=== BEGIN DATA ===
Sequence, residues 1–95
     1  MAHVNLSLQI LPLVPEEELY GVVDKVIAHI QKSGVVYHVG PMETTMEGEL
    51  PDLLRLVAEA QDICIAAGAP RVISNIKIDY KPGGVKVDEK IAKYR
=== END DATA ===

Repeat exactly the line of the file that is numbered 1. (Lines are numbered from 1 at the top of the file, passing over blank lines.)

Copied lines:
Sequence, residues 1–95